What is the science behind expanding waistlines?

Shedding pounds is undoubtedly one of the most common New Year's resolutions. Yet many people have already lost their resolve. Dr. Barry Popkin, professor of global nutrition at the University of North Carolina at Chapel Hill and the author of "The World is Fat," highlights the key causes of the obesity epidemic and what can be done about it. Questions and answers have been edited.

Q: You have spent the last 25 years studying trends in food, nutrition and obesity. Over that time, obesity has come to outweigh hunger as the most pressing public health threat, even in developing countries. What is driving this phenomenon?

Clearly, over the last half century we have reduced activity in all modes of life, and it is very hard to bring back much of that activity, which comes from our jobs. However, at the same time we have consumed greater numbers of calories. The major cause of that has been caloric beverages: soft drinks, juices for children, and those beverages - plus alcohol - for adults. Consuming three to six snacks a day - or just constantly eating - is the other major cause.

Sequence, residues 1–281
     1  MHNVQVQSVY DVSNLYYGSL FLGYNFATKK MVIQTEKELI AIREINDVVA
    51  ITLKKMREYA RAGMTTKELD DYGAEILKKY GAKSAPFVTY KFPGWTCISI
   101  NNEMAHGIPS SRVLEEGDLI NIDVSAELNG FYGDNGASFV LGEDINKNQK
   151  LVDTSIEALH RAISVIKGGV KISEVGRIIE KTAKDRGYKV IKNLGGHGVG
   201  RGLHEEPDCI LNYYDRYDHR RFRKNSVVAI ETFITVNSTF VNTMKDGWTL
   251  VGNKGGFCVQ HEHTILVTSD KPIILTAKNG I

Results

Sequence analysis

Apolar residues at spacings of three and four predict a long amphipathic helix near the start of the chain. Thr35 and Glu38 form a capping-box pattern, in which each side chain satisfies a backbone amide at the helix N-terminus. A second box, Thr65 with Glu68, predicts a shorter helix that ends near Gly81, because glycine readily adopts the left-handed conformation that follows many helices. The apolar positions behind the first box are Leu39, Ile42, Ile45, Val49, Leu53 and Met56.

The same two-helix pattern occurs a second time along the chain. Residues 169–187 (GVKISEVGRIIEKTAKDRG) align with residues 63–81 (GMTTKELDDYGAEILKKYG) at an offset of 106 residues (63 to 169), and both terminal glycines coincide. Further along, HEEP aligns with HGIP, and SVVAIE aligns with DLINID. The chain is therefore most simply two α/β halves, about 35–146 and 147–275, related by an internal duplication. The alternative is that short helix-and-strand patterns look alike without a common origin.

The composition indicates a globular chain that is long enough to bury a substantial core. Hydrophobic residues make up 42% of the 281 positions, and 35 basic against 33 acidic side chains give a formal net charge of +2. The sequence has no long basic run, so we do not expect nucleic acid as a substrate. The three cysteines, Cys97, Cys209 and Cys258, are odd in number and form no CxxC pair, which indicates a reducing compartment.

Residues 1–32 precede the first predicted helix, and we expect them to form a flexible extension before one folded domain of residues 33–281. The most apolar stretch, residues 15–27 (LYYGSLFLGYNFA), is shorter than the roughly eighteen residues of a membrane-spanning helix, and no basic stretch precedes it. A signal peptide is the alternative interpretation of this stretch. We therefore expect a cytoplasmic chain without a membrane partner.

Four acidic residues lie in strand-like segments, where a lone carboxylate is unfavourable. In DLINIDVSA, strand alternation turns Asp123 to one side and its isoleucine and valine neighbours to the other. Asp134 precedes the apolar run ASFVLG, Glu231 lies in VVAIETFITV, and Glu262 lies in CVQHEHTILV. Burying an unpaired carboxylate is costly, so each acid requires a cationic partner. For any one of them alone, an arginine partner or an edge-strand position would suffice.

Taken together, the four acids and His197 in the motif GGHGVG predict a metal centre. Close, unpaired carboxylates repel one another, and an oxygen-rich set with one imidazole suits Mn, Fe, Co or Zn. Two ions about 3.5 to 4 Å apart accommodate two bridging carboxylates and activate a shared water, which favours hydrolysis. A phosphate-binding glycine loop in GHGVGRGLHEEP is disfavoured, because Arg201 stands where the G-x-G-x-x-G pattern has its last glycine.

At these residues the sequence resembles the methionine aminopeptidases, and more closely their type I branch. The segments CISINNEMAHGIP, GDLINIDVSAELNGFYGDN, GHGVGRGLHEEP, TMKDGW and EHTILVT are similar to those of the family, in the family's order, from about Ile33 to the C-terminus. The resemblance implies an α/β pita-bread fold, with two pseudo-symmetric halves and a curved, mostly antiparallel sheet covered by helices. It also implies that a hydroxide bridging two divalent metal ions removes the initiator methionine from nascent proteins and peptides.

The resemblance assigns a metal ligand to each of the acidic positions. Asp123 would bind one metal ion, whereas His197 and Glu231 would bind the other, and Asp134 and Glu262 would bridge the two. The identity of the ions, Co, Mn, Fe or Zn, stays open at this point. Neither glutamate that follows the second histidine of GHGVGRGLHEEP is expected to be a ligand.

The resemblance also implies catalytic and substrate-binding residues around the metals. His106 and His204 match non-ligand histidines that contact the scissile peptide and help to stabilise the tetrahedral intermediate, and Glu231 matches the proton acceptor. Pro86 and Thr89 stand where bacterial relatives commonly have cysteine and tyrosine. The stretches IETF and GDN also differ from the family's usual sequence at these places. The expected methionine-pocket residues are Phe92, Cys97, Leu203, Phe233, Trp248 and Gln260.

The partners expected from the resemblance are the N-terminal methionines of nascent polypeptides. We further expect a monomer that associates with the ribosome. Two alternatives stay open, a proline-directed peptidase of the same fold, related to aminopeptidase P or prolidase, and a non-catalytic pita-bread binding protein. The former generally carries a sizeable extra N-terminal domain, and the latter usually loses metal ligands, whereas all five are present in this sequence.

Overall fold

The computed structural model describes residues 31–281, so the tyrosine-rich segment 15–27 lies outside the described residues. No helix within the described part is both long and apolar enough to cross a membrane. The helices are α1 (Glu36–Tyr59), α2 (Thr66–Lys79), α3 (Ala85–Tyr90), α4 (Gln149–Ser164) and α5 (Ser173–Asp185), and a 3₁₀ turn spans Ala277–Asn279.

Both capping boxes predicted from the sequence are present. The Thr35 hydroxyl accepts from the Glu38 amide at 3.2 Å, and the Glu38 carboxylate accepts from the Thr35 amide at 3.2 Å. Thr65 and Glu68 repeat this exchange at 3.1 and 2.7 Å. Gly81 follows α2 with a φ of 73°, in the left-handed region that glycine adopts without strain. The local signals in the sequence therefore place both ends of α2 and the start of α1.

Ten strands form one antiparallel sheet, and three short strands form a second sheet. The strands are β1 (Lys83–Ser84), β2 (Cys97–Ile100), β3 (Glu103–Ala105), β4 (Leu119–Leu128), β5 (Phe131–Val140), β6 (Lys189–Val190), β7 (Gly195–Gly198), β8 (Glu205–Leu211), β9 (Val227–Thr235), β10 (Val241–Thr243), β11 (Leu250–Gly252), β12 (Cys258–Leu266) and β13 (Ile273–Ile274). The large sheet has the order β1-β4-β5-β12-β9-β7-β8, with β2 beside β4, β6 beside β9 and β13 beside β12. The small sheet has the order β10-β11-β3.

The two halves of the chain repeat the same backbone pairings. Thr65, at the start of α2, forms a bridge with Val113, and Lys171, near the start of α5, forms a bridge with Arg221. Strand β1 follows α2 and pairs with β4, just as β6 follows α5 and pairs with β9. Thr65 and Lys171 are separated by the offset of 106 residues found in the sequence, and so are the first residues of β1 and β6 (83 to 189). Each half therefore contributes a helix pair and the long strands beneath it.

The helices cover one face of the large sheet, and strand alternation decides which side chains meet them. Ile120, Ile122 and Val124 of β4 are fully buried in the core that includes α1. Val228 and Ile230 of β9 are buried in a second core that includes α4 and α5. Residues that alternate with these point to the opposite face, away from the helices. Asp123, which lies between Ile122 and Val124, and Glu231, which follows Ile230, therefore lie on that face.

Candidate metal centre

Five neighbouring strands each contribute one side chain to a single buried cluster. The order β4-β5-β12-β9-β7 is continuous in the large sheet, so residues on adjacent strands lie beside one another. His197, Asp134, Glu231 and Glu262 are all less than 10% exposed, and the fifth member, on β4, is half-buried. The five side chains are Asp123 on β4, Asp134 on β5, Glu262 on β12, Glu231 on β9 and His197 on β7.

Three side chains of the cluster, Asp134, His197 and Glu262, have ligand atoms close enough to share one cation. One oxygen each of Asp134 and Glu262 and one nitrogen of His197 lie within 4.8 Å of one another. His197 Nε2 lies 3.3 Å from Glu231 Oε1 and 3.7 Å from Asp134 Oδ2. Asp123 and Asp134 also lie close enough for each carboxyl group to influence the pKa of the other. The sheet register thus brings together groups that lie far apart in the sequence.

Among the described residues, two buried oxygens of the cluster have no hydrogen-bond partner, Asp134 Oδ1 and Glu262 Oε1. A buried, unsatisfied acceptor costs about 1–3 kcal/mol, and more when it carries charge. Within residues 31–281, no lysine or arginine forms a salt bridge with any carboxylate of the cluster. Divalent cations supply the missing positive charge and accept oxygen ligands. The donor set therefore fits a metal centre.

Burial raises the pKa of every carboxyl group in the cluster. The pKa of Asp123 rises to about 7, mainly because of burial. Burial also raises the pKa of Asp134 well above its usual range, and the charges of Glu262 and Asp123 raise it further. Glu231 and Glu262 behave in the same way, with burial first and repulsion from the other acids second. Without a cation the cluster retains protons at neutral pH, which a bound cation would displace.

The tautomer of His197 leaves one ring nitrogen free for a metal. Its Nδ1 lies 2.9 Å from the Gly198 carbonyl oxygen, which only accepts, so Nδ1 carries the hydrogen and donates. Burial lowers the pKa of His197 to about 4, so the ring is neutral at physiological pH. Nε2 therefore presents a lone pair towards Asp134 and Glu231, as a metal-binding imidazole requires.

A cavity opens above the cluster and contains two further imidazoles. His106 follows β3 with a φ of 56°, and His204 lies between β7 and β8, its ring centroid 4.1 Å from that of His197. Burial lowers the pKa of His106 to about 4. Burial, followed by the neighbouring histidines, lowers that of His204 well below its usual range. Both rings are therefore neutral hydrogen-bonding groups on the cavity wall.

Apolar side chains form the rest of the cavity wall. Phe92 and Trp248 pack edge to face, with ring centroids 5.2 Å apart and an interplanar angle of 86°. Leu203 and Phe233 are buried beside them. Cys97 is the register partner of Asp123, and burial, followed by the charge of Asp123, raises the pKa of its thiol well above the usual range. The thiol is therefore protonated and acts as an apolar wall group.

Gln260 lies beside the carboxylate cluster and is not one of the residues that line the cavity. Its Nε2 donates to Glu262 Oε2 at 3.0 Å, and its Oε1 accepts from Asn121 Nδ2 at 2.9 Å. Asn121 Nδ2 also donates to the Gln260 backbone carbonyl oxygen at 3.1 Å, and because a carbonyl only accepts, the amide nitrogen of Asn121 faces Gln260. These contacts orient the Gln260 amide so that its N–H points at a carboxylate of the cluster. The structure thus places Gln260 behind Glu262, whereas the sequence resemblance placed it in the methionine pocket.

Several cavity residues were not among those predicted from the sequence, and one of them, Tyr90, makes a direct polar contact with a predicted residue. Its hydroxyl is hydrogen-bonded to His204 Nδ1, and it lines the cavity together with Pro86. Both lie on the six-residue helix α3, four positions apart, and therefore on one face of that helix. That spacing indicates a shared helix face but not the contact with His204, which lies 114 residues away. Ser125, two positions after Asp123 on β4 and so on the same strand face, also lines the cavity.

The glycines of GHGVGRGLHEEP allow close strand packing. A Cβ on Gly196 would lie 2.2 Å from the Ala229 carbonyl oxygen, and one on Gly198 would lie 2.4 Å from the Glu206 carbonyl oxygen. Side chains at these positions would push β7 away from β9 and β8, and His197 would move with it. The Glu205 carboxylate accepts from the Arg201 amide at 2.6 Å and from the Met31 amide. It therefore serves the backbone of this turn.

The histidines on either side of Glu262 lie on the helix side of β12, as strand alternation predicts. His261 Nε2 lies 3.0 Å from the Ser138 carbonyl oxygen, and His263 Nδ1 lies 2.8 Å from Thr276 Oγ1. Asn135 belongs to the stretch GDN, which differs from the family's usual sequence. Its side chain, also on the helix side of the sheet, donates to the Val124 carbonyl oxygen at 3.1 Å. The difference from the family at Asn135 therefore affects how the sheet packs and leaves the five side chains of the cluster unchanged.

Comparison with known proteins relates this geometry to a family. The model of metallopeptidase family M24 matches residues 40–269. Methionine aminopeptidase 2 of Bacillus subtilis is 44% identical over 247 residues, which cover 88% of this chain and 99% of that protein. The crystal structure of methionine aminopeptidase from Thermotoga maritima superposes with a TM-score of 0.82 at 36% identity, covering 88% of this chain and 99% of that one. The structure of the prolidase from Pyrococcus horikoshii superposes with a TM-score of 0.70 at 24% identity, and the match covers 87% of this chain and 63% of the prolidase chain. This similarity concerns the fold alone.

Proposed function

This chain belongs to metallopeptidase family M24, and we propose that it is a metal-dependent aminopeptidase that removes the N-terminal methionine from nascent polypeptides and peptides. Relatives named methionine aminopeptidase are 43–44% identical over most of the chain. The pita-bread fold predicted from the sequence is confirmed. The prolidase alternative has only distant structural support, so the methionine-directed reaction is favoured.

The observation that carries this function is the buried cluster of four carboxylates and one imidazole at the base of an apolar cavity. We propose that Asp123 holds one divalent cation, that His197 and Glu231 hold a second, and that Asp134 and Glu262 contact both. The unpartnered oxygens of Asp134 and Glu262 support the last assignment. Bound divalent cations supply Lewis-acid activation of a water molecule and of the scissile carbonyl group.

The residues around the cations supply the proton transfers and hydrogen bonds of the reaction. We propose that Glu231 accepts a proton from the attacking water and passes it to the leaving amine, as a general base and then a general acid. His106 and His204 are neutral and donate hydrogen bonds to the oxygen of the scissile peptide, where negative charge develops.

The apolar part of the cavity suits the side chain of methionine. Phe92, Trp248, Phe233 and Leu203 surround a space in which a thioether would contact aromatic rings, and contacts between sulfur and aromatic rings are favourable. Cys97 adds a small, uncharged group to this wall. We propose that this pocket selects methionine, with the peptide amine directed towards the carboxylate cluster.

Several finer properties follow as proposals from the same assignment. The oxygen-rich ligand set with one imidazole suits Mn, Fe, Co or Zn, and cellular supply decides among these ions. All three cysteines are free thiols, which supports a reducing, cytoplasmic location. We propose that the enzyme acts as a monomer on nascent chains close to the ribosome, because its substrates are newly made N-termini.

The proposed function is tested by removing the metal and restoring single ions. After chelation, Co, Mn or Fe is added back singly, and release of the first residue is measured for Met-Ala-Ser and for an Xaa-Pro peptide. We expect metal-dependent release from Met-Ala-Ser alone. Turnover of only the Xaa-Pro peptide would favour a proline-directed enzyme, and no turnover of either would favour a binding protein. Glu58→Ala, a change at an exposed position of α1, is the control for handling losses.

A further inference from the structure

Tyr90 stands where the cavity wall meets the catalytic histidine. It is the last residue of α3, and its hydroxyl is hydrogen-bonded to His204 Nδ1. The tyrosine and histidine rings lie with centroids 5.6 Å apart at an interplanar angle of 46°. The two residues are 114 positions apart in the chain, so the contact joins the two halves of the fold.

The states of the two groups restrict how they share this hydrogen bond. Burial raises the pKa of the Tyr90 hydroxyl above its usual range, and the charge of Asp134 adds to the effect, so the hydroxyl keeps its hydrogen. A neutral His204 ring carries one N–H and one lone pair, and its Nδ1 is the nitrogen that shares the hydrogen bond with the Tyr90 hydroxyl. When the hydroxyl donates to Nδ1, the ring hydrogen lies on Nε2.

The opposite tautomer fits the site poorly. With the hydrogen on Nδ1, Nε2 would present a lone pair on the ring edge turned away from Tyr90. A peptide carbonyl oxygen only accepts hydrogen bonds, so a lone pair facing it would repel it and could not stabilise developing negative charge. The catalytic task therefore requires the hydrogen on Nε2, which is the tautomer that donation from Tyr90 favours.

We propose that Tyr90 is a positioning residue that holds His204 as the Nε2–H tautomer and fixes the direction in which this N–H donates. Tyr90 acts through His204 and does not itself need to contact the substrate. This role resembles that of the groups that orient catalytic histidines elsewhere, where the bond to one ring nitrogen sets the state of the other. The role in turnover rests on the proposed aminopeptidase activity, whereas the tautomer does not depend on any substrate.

Q: That all makes sense when looking at the United States, but why are residents of previously impoverished countries becoming overweight?

Within a decade or two, these countries experienced a leap from an 18th- or 19th-century lifestyle to one more similar to ours. They got TV and watch hours a day, got modern transportation technology, refrigerators, rice cookers and all the home technologies we have.

At work, their jobs got very modernized relative to decades earlier. The result was and remains an enormous decline in energy expenditures.

At the same time, their diets changed greatly. They got access to cheap vegetable oils and added an awful lot of this to their dishes, turned to fried foods rather than grilling, baking and steaming, started consuming lots of sugar in their diet.

In China, they went in 1990 from no-overweight to close to a third of adults overweight today.

Q: What can individuals do?

Cut out juices and sugary beverages. Shift to water, tea and coffee with minimal added sugar; shift to reduced-fat milk. Shift snacks to only vegetables and fruits

Q: What about from a public health standpoint?

The most effective first step would be to put a very simple label on foods that are healthy and not label other foods. The second simple option is to tax each added gram of sugar 1 to 2 cents when it is in any beverage. Several countries are effectively doing this.